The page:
Thunderstorms and Severe Weather


Table of Contents:
Information provided by the National Weather Service

   Thunderstorms and Atmospheric Conditions
   The Thunderstorm Life Cycle
   Thunderstorm Types
   Visual Aspects of Thunderstorms
   Wall Clouds and Other Lowerings
   Non-Tornadic Severe Weather Phenomena
   The Tornado
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Thunderstorms

     A thunderstorm should be thought of as a process which takes heat and moisture near the Earth's surface and transports it to the upper levels of the atmosphere. The by-products of this process are the clouds, precipitation, and wind that we associate with the thunderstorm.

Atmospheric Conditions for a Thunderstorm Development

     All thunderstorms, whether or not they become severe, must have three conditions present in order to form. The first necessary condition is moisture in the lower to mid levels of the atmosphere. As air rises in a thunderstorm updraft, moisture condenses into small water drops which form clouds (and eventually precipitation). When the moisture condenses, heat is released into the air, making it warmer and less dense than its surroundings. The added heat allows the air in the updraft to continue rising.

     The second necessary condition is instability. If the airmass is unstable, air which is pushed upward by some force will continue upward. An unstable airmass usually contains relatively warm (usually moist) air near the earth's surface and relatively cold (usually dry) air in the mid and upper levels of the atmosphere. As the low-level air rises in an updraft, it becomes less dense than the surrounding air and continues to rise. This process is often augmented by added heat due to condensation as discussed above. The air will continue to move upward until it becomes colder and more dense than its surroundings.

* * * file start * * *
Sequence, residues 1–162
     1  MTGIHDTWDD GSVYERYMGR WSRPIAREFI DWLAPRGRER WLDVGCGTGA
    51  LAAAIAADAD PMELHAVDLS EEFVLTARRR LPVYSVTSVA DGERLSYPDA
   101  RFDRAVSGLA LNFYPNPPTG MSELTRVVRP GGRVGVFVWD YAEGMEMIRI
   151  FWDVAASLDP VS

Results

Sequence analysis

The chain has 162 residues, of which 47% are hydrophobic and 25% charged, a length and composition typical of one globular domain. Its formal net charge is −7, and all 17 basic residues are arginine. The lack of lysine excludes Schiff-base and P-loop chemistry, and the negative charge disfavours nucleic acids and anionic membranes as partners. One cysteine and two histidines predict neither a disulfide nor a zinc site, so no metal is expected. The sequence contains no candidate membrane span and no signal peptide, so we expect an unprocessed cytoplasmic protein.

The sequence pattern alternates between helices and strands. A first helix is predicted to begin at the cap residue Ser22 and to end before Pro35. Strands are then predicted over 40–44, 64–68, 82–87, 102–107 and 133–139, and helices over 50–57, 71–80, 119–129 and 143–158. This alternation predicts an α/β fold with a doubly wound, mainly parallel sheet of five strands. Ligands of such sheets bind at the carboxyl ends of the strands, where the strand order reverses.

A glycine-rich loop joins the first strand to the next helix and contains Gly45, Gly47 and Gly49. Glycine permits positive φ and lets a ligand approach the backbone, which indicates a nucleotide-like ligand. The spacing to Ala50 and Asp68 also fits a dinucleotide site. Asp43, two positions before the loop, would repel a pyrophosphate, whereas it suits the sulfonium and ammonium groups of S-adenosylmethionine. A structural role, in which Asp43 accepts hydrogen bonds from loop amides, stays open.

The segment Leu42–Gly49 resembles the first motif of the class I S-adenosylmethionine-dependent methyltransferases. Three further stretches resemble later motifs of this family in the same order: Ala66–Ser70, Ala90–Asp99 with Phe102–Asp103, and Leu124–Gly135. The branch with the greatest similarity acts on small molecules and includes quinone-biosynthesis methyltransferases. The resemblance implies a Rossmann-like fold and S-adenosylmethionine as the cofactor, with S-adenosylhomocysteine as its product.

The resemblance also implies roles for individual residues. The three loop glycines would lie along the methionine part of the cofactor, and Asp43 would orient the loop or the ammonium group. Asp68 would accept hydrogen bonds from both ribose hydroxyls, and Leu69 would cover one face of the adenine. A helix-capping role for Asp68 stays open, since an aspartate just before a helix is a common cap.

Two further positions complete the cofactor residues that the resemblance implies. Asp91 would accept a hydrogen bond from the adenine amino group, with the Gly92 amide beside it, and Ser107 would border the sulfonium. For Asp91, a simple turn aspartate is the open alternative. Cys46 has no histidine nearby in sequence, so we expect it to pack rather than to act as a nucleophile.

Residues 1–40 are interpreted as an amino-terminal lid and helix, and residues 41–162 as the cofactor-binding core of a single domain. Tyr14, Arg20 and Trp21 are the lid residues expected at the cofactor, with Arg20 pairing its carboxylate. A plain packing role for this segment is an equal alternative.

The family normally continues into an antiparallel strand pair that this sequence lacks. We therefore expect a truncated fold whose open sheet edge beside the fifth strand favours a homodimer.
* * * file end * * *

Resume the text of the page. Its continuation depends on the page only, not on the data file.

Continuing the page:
The third necessary condition is a source of lift. Lift is a mechanism for starting an updraft in a moist, unstable airmass. The lifting source can take on several forms. The most common source is called differential heating. As the sun heats the earth's surface, portions of the surface (and the air just above the surface) will warm more readily than nearby areas. These "warm pockets" are less dense than the surrounding air and will rise. If the air has sufficient moisture and is unstable, a thunderstorm may form.

     The source of lift can also be mechanical in nature. Moist air flowing up the side of a mountain may reach a point where it is less dense than its environment, and thunderstorms may develop. This is common on the eastern slopes of the Rocky Mountains during the summer. Advancing cold fronts, outflow boundaries, drylines, and sea breeze fronts also act as triggers by lifting moist, low-level air to the point where the low-level air is warmer and less dense than its environment at which time thunderstorms can form.

The Thunderstorm Life Cycle


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Last Modified: Mon June 29, 1998
CSR/TSGC Team Web